Reading Note:
After Herzog
8 April 2019

¶ When you’ve just finished Saul Bellow’s Herzog, what do you read next? The book now atop my reading pile was John Williams’s Butcher’s Crossing, but I certainly wasn’t in the mood for a Western. I wanted to remain in the company of cosmopolitan, well-read characters, men and women who, like me, were likely to be bored rather than stimulated by the Great Outdoors. But I wanted a little more focus, a little more discipline; Moses Herzog has a lot to say, but he has a hard time finishing a thought. Whether Bellow himself could compete with own his novel’s pyrotechnics is arguable, but in any case Herzog gave me my fill of funny fireworks. Without too much fuss, I chose Brian Morton’s Starting Out in the Evening. It proved to be just right. It both kept the vibe of Herzog going and made me forget that I had just read it. 

The embarrassing thing was my growing doubt that I had ever re-read Starting Out in the Evening. I have re-read the novels that followed it, each several times, but in the case of this notable book of 1998, I had returned not to the original but to the excellent film adaptation, starring Frank Langella and Lauren Ambrose, which came out about ten years later. I’ve seen the movie so many times that the pungent comment of ageing writer Leonard Schiller about the undertaking of young graduate student Heather Wolfe — So, you’ve embarked on a project of questionable merit — put Langella in the room, right there next to me.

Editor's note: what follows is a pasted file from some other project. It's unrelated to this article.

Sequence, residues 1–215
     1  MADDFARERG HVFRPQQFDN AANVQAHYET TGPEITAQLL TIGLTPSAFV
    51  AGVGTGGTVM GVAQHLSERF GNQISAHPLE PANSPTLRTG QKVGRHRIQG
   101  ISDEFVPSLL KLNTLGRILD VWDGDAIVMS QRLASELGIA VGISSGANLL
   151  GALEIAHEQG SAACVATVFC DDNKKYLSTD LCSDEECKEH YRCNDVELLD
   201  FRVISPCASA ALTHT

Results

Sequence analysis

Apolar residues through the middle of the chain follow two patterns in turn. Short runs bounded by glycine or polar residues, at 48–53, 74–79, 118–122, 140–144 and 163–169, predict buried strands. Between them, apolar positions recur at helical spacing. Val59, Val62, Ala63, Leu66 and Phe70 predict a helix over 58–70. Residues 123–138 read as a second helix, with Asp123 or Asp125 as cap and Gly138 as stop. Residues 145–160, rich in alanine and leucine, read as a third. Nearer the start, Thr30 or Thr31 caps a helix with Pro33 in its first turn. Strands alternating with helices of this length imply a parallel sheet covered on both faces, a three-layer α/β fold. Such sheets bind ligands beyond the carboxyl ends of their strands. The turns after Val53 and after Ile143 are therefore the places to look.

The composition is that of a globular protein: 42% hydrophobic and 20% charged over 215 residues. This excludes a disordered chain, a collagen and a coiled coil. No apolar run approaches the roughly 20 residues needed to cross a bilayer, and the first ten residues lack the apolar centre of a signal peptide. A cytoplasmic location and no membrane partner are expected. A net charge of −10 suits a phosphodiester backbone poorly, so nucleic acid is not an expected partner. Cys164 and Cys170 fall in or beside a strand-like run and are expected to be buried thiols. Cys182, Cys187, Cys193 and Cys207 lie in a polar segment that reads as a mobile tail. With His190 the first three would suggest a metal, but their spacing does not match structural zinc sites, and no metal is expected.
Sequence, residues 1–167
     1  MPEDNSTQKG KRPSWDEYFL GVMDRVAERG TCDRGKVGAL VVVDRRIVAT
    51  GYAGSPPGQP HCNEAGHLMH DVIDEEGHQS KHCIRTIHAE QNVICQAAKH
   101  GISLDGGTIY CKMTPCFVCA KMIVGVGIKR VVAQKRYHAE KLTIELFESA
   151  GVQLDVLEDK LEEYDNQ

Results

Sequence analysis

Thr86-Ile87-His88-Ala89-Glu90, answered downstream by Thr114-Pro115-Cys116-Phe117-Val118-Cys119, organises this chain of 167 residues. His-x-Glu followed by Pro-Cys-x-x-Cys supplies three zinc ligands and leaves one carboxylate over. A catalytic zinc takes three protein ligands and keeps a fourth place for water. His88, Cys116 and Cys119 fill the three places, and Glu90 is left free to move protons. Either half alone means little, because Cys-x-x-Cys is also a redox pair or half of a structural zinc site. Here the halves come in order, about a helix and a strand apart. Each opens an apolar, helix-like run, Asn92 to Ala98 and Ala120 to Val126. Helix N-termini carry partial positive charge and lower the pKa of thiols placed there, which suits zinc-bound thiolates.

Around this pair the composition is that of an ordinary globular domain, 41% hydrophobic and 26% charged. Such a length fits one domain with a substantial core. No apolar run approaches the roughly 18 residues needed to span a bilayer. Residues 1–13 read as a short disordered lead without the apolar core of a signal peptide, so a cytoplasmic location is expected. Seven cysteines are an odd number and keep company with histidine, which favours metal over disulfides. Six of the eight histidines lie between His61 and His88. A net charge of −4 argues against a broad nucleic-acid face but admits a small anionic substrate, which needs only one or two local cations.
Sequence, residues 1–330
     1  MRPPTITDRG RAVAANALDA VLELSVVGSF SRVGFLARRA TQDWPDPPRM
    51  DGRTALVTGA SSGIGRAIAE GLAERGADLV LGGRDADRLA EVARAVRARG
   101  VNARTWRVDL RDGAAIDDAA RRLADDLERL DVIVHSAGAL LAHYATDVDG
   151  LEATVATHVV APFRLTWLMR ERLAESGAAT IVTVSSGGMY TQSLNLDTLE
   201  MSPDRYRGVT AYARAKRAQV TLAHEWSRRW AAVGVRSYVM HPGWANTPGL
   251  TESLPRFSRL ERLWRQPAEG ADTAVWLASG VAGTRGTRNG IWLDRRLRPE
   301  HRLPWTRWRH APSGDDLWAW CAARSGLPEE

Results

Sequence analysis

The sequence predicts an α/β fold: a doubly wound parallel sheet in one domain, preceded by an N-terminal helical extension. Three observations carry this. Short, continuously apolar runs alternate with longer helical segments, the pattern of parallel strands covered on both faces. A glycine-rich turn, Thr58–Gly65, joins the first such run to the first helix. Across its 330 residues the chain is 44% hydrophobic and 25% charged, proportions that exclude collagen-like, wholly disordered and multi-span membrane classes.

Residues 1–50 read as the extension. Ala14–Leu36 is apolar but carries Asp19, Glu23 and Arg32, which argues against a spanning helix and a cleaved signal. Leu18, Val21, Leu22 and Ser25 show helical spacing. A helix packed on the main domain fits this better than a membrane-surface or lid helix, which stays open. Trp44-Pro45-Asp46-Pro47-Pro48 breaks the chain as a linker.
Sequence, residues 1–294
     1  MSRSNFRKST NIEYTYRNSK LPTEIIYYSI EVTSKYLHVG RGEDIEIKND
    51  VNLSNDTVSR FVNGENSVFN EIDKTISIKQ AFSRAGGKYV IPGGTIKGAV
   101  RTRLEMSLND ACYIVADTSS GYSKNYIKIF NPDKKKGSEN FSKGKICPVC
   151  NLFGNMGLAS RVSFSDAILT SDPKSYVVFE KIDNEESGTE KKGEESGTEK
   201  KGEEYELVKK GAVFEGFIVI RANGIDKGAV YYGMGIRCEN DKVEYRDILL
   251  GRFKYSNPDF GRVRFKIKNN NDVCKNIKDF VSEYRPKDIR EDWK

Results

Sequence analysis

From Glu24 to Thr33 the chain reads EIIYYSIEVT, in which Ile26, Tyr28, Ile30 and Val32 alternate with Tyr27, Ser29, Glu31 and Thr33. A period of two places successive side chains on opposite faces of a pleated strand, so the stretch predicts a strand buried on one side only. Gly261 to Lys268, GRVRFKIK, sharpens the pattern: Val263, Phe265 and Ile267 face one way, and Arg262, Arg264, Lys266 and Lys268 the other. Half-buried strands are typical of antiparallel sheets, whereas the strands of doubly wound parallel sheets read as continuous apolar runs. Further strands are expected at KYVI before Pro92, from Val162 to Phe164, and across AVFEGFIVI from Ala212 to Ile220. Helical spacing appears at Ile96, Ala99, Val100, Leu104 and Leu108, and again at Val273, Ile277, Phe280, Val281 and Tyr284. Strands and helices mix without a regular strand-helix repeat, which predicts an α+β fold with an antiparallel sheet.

This time, of course, I’d chosen to read Morton’s Starting Out in the Evening because I had just read Bellow’s Herzog. Mixing media would have defeated the purpose, which was, as I say, to prolong the atmosphere of mid-century intellectual life as sustained by incidentally academic American Jews.  Why Jews? Jews were still asking genuine questions and trying to frame workable answers; while WASPs had adopted the French vice of declaring what they wanted to hear — sadly for them (the WASPs) in rather inferior language. And by “intellectual life,” I mean real life, with families and apartments, sibling rivalries and unreliable friends — not to mention (the word comes up in Morton, too) “cocksmanship” — as lived by very smart, bookish people.

You may be asking, how did the second novel stand up to the first? Herzog has been a classic since it appeared. One feels obliged to add the modifier “coruscating” somewhere. The title character never steps out of the spotlight and never runs out of entertaining shtick — quite a performance! Starting Out in the Evening is in every way more modest — Leonard Schiller’s is only one of four points of view — but it is also immensely lovable, even if people who aren’t in the habit of reading good books might have a hard time seeing what’s so lovable about it. It’s true that, toward the end, the hard lines  that serve as so many trenches throughout most of the narrative — Schiller’s obscurity, Heather’s ambition, the impasse between Ariel and Casey about having children — are softened enough to suggest happy endings all round — not that the actual beginnings of such endings are evidenced by the novel. But what I mean by “lovable” is the moment in which Heather, having indulged in pouring forth some extravagant, insincere hopes for Schiller’s much-deserved celebrity, and basking in the pleasure of have “obviously” moved the old writer, is painfully surprised when he reached across the table not to caress but to smack her. What’s lovable is the exchange that follows this take-down. Schiller returns to his cup of coffee without saying anything, while Heather, much against her will, helplessly weeps. Eventually, she pulls herself together enough to say, “I’m sorry everything got so fucked up.”

To which he says — try to imagine Moses saying this to Madeleine — “You gave an old man some excitement.” That’s lovable. There is nothing remotely so appealing in all of Herzog

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